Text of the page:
Thanks, mate! I miss England. I lived there in the mid-90s and had a Vauxhall Corsa. My British driver license expires in something like 2045 – crazy! Whatever you save in insurance will be eaten up in those insane petrol costs! 😛

Beautiful first car, although I cannot imagine the insurance payment for a high schooler. I recently sold my dream car too, 2012 Mustang GT, to a 22-year old. There are times I miss it & my days of youth, but, we have put the money towards paying down our house and doing some upgrades that will save us money long-term.

What a story, Ty! You’ve done awesome with the bus, and I’ve gotta say there are many good reasons/excuses among those you list that would’ve deterred many other people from doing what you have. Outstanding savings you’ve generated!

We were a zero car household for several years – we lived in downtowns that would’ve made owning a car a pain – and pretty much walked everywhere with the occasional rail for longer jaunts. That’s a great lifestyle that I often miss. Although, like you, I appreciate the beauty and engineering (not to mention utility) of cars, they can be such a nuisance sometimes!!

Good luck with the new car search. And congrats on the great results of cutting out the car for so long!

Sweet Demon! Was the hood scoop functional or just decorative? Congrats on making it through a whole year without a car, too. Very impressive. Sounds like you’ve earned that car now. 🙂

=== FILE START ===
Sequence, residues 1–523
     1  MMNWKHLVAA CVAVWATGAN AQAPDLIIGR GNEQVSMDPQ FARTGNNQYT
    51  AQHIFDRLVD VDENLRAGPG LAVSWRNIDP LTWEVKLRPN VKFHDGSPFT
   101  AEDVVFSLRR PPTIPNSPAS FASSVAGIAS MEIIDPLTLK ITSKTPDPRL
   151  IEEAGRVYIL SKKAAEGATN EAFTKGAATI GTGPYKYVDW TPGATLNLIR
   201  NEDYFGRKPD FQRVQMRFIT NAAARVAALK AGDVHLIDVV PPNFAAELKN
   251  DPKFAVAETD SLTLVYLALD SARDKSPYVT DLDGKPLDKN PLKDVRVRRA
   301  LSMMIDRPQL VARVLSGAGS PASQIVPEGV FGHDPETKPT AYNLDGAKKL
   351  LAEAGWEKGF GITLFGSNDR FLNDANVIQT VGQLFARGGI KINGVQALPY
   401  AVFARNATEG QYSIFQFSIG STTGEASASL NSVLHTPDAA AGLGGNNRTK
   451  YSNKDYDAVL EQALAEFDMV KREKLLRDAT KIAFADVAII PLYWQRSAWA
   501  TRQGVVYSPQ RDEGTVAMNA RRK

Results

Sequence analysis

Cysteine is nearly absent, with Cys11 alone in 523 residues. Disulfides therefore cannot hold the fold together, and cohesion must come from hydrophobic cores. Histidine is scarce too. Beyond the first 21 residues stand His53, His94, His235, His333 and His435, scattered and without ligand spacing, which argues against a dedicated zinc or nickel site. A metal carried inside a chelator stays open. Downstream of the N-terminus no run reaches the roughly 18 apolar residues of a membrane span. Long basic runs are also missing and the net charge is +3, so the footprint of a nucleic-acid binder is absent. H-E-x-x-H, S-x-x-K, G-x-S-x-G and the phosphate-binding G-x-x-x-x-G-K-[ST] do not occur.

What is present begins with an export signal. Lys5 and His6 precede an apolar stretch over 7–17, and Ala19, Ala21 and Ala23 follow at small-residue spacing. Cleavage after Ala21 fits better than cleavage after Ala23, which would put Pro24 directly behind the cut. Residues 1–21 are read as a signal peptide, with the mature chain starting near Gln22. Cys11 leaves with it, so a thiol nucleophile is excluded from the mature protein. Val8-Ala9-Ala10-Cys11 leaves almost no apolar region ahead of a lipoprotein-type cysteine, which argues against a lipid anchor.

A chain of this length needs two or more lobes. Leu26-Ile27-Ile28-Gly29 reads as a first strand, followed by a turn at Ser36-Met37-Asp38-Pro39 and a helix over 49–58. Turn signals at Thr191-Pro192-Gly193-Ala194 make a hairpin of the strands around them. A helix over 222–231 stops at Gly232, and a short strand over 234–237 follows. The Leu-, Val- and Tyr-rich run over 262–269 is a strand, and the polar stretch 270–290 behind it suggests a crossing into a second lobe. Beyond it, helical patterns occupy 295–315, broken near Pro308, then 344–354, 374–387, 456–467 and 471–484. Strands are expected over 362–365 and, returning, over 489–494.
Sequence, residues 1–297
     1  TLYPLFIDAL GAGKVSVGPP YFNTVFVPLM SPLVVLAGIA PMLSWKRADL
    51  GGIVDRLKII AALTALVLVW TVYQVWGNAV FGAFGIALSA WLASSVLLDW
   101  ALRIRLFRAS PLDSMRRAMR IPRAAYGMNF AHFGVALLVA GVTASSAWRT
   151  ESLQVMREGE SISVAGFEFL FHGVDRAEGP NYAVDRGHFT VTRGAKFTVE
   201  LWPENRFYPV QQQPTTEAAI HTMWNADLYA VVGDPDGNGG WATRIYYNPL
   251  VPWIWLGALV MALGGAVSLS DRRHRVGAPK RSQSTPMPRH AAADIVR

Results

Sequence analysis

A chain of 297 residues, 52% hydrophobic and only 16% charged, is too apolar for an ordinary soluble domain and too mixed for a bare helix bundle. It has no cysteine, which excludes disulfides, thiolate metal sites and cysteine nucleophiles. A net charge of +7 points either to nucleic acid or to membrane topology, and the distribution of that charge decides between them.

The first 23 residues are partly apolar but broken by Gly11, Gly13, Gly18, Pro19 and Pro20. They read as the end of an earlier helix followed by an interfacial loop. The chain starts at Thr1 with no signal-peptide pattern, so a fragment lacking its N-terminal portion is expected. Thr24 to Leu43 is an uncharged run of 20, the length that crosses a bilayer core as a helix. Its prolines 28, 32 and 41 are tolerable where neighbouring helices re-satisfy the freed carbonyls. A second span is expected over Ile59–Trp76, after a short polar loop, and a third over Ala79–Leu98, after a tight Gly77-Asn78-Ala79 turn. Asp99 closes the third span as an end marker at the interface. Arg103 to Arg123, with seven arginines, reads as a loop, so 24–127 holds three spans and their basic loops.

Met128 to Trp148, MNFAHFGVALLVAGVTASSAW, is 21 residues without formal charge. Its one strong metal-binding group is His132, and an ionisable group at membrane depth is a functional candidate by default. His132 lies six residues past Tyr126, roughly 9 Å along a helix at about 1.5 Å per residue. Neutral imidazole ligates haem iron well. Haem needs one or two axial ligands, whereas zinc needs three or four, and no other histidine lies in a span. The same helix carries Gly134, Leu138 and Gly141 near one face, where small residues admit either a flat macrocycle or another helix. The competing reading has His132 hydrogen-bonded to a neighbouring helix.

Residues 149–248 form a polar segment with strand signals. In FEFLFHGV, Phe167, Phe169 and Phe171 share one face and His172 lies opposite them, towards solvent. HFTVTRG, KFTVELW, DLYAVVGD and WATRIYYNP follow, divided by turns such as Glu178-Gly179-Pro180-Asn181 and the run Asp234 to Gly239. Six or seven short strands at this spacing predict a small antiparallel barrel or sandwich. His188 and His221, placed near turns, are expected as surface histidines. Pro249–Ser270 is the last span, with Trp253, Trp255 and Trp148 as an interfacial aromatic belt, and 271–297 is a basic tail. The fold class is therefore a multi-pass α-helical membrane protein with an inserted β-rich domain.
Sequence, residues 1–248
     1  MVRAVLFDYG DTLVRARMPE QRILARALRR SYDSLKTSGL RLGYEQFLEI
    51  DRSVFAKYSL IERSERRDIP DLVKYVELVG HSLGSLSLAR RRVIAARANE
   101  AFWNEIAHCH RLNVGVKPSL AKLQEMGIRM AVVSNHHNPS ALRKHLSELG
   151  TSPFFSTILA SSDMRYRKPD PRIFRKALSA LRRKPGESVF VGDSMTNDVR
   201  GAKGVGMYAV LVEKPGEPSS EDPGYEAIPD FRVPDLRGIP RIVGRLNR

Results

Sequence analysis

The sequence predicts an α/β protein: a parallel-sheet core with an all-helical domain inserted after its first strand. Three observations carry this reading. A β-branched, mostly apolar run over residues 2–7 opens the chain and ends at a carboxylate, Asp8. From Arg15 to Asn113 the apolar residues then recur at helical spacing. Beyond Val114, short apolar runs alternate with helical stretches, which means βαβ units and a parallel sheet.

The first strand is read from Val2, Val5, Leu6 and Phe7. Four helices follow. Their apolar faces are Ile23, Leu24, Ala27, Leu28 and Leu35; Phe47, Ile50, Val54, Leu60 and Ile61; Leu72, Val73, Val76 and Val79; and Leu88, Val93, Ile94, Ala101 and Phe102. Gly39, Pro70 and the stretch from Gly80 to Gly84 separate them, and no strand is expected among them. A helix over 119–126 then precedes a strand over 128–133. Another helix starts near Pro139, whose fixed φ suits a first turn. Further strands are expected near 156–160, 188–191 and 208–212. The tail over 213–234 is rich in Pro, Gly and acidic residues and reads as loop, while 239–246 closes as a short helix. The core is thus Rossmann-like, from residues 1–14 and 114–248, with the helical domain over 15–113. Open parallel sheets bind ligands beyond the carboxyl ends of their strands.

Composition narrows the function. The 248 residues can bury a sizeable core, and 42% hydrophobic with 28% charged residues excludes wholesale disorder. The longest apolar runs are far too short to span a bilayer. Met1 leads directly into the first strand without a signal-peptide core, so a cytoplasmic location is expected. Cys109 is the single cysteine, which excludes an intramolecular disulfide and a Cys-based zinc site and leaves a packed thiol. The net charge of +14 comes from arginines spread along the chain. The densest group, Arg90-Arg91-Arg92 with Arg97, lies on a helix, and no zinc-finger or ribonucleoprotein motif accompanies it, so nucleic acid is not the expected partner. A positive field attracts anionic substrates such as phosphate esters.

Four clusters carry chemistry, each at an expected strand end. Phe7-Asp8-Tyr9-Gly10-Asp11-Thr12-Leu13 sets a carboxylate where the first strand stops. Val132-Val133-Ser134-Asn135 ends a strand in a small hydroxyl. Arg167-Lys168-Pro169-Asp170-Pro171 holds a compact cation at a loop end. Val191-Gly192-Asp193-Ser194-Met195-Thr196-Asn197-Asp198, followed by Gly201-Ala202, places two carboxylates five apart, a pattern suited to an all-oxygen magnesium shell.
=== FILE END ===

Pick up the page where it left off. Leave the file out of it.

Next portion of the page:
Awesome Ty. We were a single car family for a long time when we lived in Utah and there was awesome public transit. We LOVED it. Taking the train/buses and riding bikes to our stops was so nice to get work done or just relax on the commute. We are now a 2 car fam bam because we live in the midwest where people have not quite evolved into the public transit world. We bought a complete piece of junk car and so far it has been working great. But, we aspire to making the switch back to being a single car family some day.

As a PF blogger am I allowed to say that one of my best financial moves was buying a car? 🙂 I once bought a complete POS for $700 and that dang thing ran great for nearly 5 years! Best money I ever spent, so I’m not one for knocking junker cars.

I’m glad you wrote this! We’ve been a one car family before then a two POS car family, now just a one POS car and one new-to-us car. 😉 I think it’s great you’re still thinking of riding the bus to work. Sounds like great health benefits, but it’ll be nice to have the car there for when its raining haha.